May 13, 2003 Volume 17, Number 04
Suspended teacher quits
Chris Kempling vows to continue court challenge
By Frank Stirk | ChristianWeek BC Correspondent
QUESNEL, BC-Even before the British Columbia College of Teachers (BCCT) handed him a one-month suspension for speaking his mind about homosexuality, high school teacher and counsellor Chris Kempling had decided to find a new career.
"It's been hard on my family," he told ChristianWeek, "and frankly I'm looking for employment outside the province.
"Our house is up for sale, and we're anticipating being out of here by July."
The BCCT ruled in April that Kempling's published statements questioning the wisdom of presenting children with a positive picture of the gay lifestyle were "demeaning and derogatory" and left little room for leniency.
While conceding that Kempling had never brought his faith-based opinions into the classroom-and despite no complaints from students, parents, teachers or even the gay community-the college nevertheless concluded that his "actions disclose a failure to uphold values that are fundamental to the education system and Canadian society, values that include sexual equality and respect for persons of differing sexual orientation."
The ruling suggested it was irrelevant that the alleged misconduct all occurred off-campus. "Mr. Kempling also used his status as a teacher to give authority and credibility to his views," it stated.
The severity of the sentence means he will be virtually blacklisted as a teacher anywhere in North America, Kempling says. "All of the teacher certification bodies on the continent get a copy of this."
Yet Kempling's decision to quit teaching had already been made-after he realized he could no longer count on the support of his own supervisors.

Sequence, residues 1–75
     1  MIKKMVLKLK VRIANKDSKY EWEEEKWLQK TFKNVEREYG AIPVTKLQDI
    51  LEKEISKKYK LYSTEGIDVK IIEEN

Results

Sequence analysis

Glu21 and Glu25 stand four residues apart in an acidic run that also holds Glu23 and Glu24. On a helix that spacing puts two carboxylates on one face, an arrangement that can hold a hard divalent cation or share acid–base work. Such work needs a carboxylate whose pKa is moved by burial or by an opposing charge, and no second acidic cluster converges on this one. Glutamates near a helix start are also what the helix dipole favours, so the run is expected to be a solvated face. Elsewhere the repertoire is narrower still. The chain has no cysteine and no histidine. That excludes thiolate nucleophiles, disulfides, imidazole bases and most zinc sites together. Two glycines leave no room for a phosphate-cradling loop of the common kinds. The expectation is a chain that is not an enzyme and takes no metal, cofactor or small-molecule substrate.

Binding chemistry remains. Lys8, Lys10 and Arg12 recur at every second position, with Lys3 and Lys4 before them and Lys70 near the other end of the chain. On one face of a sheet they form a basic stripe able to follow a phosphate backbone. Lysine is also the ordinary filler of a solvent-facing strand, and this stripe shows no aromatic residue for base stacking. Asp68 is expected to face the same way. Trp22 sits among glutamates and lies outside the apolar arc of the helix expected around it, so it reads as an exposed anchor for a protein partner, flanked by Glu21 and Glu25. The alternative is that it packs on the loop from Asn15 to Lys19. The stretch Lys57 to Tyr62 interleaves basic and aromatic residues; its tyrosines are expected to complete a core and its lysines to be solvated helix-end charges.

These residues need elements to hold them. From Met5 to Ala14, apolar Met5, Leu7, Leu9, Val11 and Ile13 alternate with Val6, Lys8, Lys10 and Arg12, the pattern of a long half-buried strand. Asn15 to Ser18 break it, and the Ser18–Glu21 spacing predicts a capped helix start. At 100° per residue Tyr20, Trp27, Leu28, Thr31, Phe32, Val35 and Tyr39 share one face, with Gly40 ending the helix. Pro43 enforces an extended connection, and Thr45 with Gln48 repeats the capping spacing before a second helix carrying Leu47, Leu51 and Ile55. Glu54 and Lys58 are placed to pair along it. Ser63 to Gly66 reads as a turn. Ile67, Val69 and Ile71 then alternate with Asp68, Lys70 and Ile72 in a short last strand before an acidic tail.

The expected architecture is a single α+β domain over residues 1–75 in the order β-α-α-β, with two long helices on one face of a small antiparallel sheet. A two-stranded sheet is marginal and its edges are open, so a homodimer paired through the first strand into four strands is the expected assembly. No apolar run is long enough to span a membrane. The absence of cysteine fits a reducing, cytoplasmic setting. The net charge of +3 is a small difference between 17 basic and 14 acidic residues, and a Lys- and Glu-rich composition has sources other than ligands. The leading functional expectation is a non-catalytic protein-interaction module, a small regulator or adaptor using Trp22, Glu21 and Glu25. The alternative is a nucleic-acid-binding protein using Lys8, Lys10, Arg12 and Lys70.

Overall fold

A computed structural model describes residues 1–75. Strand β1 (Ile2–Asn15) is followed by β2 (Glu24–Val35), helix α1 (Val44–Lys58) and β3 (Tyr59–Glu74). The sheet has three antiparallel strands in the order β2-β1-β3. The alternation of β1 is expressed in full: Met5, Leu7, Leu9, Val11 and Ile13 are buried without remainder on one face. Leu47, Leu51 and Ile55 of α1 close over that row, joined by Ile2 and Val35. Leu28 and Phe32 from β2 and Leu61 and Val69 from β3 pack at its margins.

First, he claims, came a letter of discipline from his principal for having stated in class-as part of a mandated curriculum that includes human sexuality-that a person's sexual orientation can be changed through therapy.
When Kempling objected, the principal downgraded his censure to a letter of direction.
A few days later, he says, came another letter of discipline from his school's director of instruction for agreeing to let the CBC interview him for a documentary on his case.
In both instances, Kempling insists he had apprised the school of his actions in advance, and no one objected. And once again, no one had complained.
"I think it's a matter of optics," he says. "They just want to have it on the record that they 'did something about Kempling.'"
To some observers of the Kempling case-both Christian and non-Christian-it is the BCCT who is guilty of wrongdoing.
The Victoria Times-Colonist called it "strange" how the BCCT seems so concerned with "defending homosexuality"-and yet "can't bring itself to get rid of demonstrably rotten teachers, and can only issue reprimands to some who have had improper relationships with students or, in one recent case, flashed them."
Province columnist Susan Martinuk noted the college displayed the same anti-Christian bias when it tried to argue that the graduates of Trinity Western University's education program would likely be "homophobic"-also without any proof.
"Creating divisions and offences where none exist seems to be a major sport for the supposedly 'enlightened' bunch at BCCT," she stated.
"Many other teachers I know don't like what's being put forward for the schools either," wrote J. Fraser Field, western media representative for the Catholic Civil Rights League on its Web site. "The difference is, these teachers are afraid to speak up."
Yet Kempling's own battle with the BCCT remains far from over.
He says that wherever he relocates, he will still pursue his appeal of its verdict against him last November of "conduct unbecoming" a teacher. A hearing before the B.C. Supreme Court is due to be held this month.
Until that case is settled, Kempling's one-month suspension-which was to have begun May 1-is on hold.
"I'm going to see this the whole way through, even if it takes five years, because of the [free speech] principles involved," he says.
Kempling also has "no regrets whatsoever" for having taken on such a volatile moral issue as homosexuality. "I think I would have said things a little bit differently in my public letters," he concedes. "But I still would have taken a stand on this, because nobody else was taking a stand.
"I haven't shut up yet."